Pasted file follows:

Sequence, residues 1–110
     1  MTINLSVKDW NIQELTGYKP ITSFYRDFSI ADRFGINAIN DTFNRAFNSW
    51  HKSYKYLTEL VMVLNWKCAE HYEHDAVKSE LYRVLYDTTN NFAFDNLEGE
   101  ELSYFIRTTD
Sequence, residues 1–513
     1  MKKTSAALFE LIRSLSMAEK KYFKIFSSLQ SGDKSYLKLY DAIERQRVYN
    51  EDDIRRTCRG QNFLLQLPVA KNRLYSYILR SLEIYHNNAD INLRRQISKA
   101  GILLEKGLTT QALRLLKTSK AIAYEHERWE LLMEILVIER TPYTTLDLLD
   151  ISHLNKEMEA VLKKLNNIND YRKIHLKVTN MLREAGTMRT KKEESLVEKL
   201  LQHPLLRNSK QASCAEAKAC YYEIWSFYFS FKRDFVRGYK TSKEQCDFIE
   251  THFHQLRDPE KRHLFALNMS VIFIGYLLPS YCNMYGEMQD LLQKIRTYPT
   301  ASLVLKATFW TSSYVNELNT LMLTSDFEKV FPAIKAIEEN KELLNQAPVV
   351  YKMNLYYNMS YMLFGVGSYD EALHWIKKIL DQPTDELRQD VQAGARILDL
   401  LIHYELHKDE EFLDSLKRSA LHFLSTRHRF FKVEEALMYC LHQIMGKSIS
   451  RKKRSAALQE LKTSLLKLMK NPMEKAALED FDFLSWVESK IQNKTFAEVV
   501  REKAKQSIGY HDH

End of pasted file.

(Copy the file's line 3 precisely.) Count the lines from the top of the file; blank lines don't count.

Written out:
    51  HKSYKYLTEL VMVLNWKCAE HYEHDAVKSE LYRVLYDTTN NFAFDNLEGE